Sunday, May 02, 2010

Just when you thought it was safe...

To ship from NOLA, this happens.

The biggest grain-shipping port in the U.S. may be disrupted by the spread of the BP Plc oil spill in the Gulf of Mexico, threatening to depress domestic prices by encouraging importers to buy from South America.
More than half of the grain inspected for export from the U.S., the world’s largest grower of corn and soybeans, is shipped from the mouth of the Mississippi River, according to the Port of New Orleans. Traffic has yet to be restricted through the main deepwater channel, the Southwest Pass, used by ships carrying commodities such as oil, coal and grain.
BP and Transocean Ltd. are struggling to cap a damaged undersea well leaking 5,000 barrels of crude a day since the Deepwater Horizon drilling rig exploded April 20. The edge of the spill began washing ashore in Louisiana late yesterday and may reach Florida’s coast early next week.
“As long as the main Southwest Pass remains open, it is unlikely to have too much impact” on grain prices, said Anne Frick, a vice president of research for Prudential Bache Commodities LLC in New York. “If that is closed and exports are disrupted, it would probably be a bearish development for U.S. soybeans, soybean meal and corn.” [More]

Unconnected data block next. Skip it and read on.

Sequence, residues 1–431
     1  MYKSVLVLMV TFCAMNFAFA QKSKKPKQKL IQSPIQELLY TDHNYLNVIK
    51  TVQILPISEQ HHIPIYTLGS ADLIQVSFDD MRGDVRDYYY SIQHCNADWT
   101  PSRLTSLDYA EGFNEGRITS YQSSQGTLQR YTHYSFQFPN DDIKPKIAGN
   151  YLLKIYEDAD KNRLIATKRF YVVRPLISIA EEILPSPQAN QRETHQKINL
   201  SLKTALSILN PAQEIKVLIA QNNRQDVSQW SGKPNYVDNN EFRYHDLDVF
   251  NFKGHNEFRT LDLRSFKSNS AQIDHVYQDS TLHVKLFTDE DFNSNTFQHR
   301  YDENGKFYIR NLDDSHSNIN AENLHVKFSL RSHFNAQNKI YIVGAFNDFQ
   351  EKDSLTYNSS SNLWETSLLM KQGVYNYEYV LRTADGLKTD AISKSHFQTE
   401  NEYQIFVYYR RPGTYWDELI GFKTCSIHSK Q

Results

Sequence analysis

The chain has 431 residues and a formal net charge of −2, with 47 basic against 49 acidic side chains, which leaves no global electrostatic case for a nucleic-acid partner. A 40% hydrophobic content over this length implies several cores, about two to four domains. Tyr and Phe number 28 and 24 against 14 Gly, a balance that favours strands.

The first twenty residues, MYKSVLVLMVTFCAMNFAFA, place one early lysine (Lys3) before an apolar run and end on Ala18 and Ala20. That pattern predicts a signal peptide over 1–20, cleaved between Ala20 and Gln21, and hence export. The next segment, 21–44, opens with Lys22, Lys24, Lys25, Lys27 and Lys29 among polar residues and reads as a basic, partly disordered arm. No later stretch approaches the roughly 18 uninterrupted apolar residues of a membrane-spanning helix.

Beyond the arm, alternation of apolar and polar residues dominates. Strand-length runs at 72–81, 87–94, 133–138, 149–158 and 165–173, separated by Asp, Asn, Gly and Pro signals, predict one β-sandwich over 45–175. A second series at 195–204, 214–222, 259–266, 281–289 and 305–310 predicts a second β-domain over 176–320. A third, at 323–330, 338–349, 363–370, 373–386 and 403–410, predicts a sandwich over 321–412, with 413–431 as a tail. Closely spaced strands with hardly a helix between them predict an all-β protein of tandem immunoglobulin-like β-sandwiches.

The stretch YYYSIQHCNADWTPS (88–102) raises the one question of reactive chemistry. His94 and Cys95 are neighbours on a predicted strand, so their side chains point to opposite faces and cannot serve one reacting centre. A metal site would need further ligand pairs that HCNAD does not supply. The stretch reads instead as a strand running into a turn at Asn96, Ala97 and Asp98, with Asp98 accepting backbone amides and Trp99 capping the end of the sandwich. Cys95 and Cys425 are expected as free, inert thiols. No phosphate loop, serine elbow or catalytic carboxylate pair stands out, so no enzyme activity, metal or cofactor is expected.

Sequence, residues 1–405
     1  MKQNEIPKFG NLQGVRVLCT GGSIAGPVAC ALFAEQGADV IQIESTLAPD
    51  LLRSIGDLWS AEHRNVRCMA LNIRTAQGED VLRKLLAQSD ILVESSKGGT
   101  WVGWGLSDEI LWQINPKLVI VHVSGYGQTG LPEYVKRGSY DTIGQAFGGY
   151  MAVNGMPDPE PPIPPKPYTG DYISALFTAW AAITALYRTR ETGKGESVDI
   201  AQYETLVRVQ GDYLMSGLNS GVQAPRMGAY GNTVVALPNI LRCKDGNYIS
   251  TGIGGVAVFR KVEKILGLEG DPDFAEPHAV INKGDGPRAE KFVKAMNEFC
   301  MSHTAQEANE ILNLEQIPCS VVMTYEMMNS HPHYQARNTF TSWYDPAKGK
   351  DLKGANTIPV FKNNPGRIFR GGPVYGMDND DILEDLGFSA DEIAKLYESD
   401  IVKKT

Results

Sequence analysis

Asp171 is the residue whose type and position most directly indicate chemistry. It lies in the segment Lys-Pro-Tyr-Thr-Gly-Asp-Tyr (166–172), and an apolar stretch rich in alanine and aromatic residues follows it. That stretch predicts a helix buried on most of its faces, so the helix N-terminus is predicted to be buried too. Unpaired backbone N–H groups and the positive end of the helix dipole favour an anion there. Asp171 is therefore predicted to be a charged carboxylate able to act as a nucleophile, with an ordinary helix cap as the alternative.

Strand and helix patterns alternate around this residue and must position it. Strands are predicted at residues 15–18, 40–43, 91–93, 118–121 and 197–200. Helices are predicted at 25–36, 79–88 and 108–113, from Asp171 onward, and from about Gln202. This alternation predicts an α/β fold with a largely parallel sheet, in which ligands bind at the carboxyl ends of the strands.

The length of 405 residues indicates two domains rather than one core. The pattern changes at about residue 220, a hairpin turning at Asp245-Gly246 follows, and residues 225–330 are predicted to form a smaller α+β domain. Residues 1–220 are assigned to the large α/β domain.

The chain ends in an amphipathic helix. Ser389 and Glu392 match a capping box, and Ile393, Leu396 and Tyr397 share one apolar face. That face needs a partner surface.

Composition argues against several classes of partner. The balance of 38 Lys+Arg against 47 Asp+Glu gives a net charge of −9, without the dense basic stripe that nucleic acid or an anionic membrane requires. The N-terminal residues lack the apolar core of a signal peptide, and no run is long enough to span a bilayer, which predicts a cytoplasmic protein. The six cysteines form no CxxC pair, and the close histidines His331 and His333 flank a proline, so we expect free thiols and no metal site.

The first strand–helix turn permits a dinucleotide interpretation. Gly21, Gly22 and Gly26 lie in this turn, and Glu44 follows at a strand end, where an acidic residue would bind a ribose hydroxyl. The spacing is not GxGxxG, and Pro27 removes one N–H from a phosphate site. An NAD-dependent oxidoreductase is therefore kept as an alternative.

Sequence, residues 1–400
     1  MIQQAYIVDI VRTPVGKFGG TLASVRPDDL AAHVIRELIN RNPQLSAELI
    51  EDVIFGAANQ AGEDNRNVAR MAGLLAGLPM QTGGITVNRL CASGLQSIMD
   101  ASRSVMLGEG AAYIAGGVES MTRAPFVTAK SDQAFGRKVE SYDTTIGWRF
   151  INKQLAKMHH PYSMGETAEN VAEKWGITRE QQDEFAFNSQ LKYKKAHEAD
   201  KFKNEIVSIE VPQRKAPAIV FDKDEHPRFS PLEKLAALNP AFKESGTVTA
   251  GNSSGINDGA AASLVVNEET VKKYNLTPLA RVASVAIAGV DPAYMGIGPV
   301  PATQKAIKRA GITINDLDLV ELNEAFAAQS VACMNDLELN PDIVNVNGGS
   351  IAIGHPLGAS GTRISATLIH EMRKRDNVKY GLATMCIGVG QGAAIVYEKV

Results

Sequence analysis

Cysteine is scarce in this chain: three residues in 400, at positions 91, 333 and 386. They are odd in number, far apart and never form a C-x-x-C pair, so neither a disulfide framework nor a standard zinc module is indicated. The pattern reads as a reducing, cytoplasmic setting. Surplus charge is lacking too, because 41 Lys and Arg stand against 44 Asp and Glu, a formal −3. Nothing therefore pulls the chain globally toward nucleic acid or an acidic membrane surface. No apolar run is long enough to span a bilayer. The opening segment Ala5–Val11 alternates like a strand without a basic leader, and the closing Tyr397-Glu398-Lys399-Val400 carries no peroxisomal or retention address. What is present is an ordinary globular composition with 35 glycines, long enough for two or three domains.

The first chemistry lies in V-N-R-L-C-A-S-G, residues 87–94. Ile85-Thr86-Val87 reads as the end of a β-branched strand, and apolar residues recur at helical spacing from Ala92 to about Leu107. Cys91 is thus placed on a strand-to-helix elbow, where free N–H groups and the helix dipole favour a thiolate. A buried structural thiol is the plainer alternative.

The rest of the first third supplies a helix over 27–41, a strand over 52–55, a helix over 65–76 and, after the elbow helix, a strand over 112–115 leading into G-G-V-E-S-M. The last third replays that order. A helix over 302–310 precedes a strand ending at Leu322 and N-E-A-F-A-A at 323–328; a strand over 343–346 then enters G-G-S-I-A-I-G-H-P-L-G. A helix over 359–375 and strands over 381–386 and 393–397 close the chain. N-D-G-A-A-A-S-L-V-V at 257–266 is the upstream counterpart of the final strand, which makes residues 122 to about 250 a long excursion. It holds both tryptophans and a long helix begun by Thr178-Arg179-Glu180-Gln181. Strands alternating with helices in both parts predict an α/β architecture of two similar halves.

My first thought is that all the locks and dams we can finagle from Congress won't help this type of problem. It's just that grain growers think they understand river problems and focus on them.  It would be helpful to see some comparative risk statistics as to how our export exposure problems rank.  Maybe off-shore rigs constitute a bigger risk event than slow locks. And this particular event looks to be a whopper.
Since an explosion almost two weeks ago on the Deepwater Horizon rig, a disaster scenario has emerged with hundreds of thousands of gallons of crude oil spewing unchecked into the Gulf and moving inexorably northward to the coast. The responsibility for the cleanup operation lies with the owners of the well, led by 65 percent shareholder, London-based oil company BP Plc.
BP said last week that it was spending $6 million a day on the clean up but admitted this figure would rise sharply when the slick hits land.
Neither the company or its 25 percent partner, explorer Anadarko Petroleum, have put an estimate on total costs, although BP CEO Tony Hayward told Reuters in an interview on Friday that he would pay all legitimate claims for damages. [More]
Too much of our policy effort center on issues we like, and which ones provide off-season farmer entertainment - farmers to DC, barge rides - as opposed to market risks that have much greater potential to wrench prices unexpectedly.

1 comment:

Anonymous said...

Can you say black swan?